special news feature | Vancouver regional construction Association
April 12–18, 2016
Ladies, our industry needs you VRCA shines light on opportunities for women in the skilled trades
istorically, women have not had a huge presence in the construction industry. With the exception of the Second World War, when Rosie the Riveter drew countless women into factories to learn trades, women have been largely absent from the construction work site. Given that women’s overall participation in the Canadian workforce is steadily increasing and is currently listed at 47.3%, we hope that change is on the cards for our industry. Within the broader construction industry, women do have an increasing profile. You will find them not only in clerical positions at the head office, but also running companies, designing buildings, managing projects – and leading associations! However,
in all those construction-related occupations, the actual number of women working on the tools is still very low, hovering around 5%. The Canadian Apprenticeship Forum report Women and Apprenticeship in Canada, published in 2016, indicates that women represent only 2.5% of carpentry apprentices in Canada, 2.2% of plumbing apprentices and 1.8% of those involved with heavy equipment. Just 3.3% of electrician apprenticeships are held by women, and 6.3% of welding apprenticeships. While these low numbers are discouraging, they are actually steadily increasing year over year. Trades are traditionally very male-dominated, and any young woman eager to pursue one of the many opportunities that exist in the skilled trades has to be ready to dig deep and lead the way for other young women. They may face discrimination, inadequate facilities, few mentors and unwelcoming workplaces. However, their leadership will not be in vain, as demonstrated by the women profiled in this edition of Construction in Vancouver. With baby boomers retiring and construction activity steady in B.C., accessing an underutilized yet very capable labour source is an appealing solution to many in the
industry. Recognizing this, government, industry associations and training providers are helping break down the existing barriers and hurdles. For example: •The Canadian Apprenticeship Forum has proactively produced a number of excellent papers analyzing the role of women in the trades and promoting the business case for hiring female apprentices. Its tips and strategies for recruiting and retaining women on the job site are particularly useful. See Hiring and Training Women in the Skilled Trades: The Business Case for Employers. •The B.C. Industry Training Authority is eager to open doors for women. Its Women in Trades Training programs are focused on providing much-needed support to women interested in entering apprenticeships. The initiative funds seven different programs that collectively raise awareness, provide training, assist in finding jobs and help mentor women through the challenges they inevitably face. •B.C.’s colleges have been very proactive in supporting women. The British Columbia Institute of Technology, for example, has been successfully offering a Trades Discovery program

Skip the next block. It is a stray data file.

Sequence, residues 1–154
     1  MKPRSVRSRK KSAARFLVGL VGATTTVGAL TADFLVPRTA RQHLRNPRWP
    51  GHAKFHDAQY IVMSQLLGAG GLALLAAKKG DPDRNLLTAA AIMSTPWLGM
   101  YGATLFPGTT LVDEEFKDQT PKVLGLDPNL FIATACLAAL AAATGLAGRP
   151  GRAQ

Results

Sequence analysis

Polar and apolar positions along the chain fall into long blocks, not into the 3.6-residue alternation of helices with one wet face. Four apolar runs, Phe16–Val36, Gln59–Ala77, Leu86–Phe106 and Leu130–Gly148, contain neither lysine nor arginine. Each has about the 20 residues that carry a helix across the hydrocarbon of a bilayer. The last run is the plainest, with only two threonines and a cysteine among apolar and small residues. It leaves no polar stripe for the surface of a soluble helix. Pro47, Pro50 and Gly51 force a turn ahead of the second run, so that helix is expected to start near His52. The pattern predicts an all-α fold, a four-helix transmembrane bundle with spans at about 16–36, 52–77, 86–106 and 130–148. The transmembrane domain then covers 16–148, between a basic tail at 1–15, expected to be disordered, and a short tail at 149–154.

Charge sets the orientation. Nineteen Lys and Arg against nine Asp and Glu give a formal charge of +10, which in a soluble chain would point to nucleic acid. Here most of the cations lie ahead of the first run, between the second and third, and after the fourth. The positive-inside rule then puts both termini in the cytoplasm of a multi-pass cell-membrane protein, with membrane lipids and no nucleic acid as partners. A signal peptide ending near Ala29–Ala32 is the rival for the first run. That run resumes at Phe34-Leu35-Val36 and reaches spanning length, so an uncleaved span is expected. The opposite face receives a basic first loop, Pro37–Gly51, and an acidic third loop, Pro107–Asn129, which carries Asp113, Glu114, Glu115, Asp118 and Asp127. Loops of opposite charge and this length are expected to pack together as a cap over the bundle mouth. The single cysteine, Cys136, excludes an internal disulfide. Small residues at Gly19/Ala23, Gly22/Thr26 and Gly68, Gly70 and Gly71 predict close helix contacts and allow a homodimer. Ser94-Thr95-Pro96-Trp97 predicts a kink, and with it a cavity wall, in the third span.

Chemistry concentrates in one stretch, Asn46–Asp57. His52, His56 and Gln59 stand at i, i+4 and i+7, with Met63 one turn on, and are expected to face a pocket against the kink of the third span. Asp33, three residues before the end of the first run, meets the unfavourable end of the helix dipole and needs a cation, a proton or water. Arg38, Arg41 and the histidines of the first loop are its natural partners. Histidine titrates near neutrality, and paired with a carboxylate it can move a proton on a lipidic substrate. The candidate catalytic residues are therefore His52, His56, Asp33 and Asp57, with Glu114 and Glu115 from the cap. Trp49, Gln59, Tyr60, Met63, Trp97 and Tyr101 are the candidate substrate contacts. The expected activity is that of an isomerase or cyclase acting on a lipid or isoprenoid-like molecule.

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for women for many years. The program introduces women to a variety of trades and gives them the confidence and skills to pursue a career in the industry. Perhaps the greatest challenge for a woman trying to enter into the trades, however, is finding that first job that can lead to an apprenticeship. However, once she gets that chance and can show her abilities, the prevailing attitude of the industry is a practical one – if you can do the job, we want you on it. Finding that first job is a critical step in the path to success and is an area where industry associations have stepped in to help. The Vancouver Regional Construction Association (VRCA) has been a long-term partner with the BC Construction Association’s Skilled Trades Employment Program (STEP). STEP has spent over a decade working to connect members of many underutilized groups – not least of whom have been women – with construction employment that leads to apprenticeships that have cleared a path to rewarding and lucrative careers. Support groups and mentoring programs also help women enter and ultimately stay in the industry. The Vancouver-based
Canadian Construction Women has been developing a women’s network since 1981. Organizations like the Women’s Enterprise Centre also have a number of robust programs that support women in the industry. Not enough women have yet entered the trades to make a significant difference to the construction workplace. However, the participation of women across all occupations in the industry is steadily increasing. At last count, Statistics Canada listed the percentage of women in all construction occupations at just over 11%. Research has indicated that cultural change is more likely to happen when participation rates top 15%. We are therefore approaching a tipping point in the industry. It will no doubt take many years before construction sites are filled with women. However, the trend is established and VRCA and its partners are committed to help pave the way for the Rosie the Riveters of the 21st century. • Fiona Famulak is president of the Vancouver Regional Construction Association, the largest regional construction association in B.C., which represents more than 700 member companies.
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